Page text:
Usage and Innovation of Information Technology

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There is a causal link between the use of information technology and innovation, according to the two papers. The terminology used in the journal, “Computer in Human Behavior,” is technical and reflects recommended standards of reading for a peer-reviewed audience. For eg, the newspaper has reported “The vocabulary used in the press report, on the other hand, is amateurish because of the long sentences. For instance, the author states “researchers found that children who used the Internet increased their reading scores.” However, the article could be more appealing if the language was professional level.
From the journal, “Computers in Human Behavior” the research hypothesis is evident, it is investigating the relationships between the use of Information Technology (I.T), in particular, video games in kids and their correlation with children’s creativity (Juul, 2012). The paper proceeds and evaluates kids creativity level against four distinct types of IT products namely cell phone use, video games, the Internet, and general computer usage. The research has applied a multi-faceted metric for assessing creativity, done through the Torrance test, a popular creativity measurement metric used amongst kids.

The subjects of the study were kids, totaling 500 in number, and they had a mean age of 12.34 years. These children undertook a survey reflecting on their creativity. The participants were recruited from 20-middle level institutions geographically dispersed across southern Lower Peninsula of Michigan. From the study, 53 percent of the participants were female, 47 percent were male. Besides, 66 percent were Caucasians, while 34 percent were African Americans. The response rate was 65 percent, which is a good figure to support the research hypotheses. In video games, the gaming titles were categorised into interpersonal video games, sports gaming, riding/driving, action/adventure, violence, and others.

The outcome revealed there was a correlation between increased gaming and creativity amongst different gaming genres with the only exception being racing/driving games. The research also dwelled on gender differences, and it revealed that male kids were more likely to engage with violent themes compared to their female colleagues who preferred more interactive titles.

According to the research, video game experience relates to several aspects of creativity, regardless of the gaming genre. Aspects such as cell phone, the internet and computer usage were unrelated to any facet of child’s creativity, and despite the relationship between gender and violent game themes, there was no causal connection between gender and creativity (Torrance, 2014).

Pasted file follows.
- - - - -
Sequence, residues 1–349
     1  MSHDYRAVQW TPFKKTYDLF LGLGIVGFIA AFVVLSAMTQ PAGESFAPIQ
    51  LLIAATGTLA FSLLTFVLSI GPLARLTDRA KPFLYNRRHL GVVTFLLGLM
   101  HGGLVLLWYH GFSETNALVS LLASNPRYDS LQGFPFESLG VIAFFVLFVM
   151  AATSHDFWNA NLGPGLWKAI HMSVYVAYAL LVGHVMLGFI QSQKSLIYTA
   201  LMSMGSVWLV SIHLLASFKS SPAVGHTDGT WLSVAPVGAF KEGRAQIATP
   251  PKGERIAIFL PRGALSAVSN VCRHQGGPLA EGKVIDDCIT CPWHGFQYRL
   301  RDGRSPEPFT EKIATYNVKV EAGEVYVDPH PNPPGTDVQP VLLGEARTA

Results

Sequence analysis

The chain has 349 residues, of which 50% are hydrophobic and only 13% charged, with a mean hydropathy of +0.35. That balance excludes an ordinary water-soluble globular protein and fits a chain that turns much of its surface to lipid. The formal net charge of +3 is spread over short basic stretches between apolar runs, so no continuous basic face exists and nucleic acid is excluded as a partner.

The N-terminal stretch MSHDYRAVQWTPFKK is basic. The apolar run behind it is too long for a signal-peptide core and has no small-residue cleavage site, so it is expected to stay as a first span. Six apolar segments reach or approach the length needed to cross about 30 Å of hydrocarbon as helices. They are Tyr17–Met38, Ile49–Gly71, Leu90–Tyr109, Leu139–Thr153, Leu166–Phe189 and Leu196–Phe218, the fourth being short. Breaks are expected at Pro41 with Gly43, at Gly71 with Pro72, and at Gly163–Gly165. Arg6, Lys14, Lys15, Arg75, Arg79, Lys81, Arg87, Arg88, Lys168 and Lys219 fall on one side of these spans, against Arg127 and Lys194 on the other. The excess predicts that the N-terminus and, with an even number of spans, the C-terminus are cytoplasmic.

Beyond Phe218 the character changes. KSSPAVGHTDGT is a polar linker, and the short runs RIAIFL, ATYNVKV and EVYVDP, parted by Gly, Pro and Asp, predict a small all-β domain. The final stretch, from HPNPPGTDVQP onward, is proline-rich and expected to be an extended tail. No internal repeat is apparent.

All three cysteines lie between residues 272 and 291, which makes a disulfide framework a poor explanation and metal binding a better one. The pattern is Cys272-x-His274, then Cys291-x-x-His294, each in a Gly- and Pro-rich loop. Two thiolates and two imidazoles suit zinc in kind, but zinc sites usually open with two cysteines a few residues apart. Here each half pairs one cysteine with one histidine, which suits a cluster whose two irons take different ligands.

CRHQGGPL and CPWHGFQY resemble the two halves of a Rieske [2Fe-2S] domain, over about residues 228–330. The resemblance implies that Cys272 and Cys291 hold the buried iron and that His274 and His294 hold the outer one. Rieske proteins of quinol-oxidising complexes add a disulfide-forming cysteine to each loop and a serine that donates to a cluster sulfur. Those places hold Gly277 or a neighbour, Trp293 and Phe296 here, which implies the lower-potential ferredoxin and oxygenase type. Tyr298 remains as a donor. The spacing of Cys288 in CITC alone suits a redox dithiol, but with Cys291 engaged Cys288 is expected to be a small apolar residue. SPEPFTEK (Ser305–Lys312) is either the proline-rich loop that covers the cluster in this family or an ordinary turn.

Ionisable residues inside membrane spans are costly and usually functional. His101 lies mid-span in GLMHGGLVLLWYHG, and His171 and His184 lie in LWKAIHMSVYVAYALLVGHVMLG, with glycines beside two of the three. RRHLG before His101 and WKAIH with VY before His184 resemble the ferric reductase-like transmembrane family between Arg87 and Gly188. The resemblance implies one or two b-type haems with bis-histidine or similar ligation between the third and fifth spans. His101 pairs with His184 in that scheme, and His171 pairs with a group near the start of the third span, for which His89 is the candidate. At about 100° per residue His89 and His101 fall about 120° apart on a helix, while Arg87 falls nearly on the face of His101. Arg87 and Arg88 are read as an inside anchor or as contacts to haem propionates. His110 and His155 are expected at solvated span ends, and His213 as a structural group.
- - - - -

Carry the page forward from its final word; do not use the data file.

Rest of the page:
The press article states that kids from the study undertook creative thinking tests, administered through a drawing and participants asked to elaborate on the diagram by including their perception of the underlying image. The article also states that the same kids were evaluated against their internet, computers and cell phone usage. The results revealed there was no other correlation on the mentioned subjects apart from creativity due to video game plays. However, the press article failed in several aspects. To begin with, it has not published the research hypothesis and the subject variables. The paper also fails to elaborate on the methodology applied during the study, which is the Torrance test. By stating the methodology used, the press article would be giving valuable insight into the credibility of the survey. Finally, the article failed to summarise different genres of video games played, which could have elaborated on why creativity develops amongst kids with an affinity for video games.

However, it is hard making causal conclusions from the correlation study since all aspects such as the financial background of the parents, neighborhood, family history, and experience using video games lacked. Besides, one variable that ought to be considered in the study was the academic performance of respondents, since bright kids are always more creative


Juul, J. (2012). Half-real: Video games between real rules and fictional worlds. MIT press.

Torrance, E. P. (2014). Torrance tests of creative thinking. Personnel Press, Incorporated.

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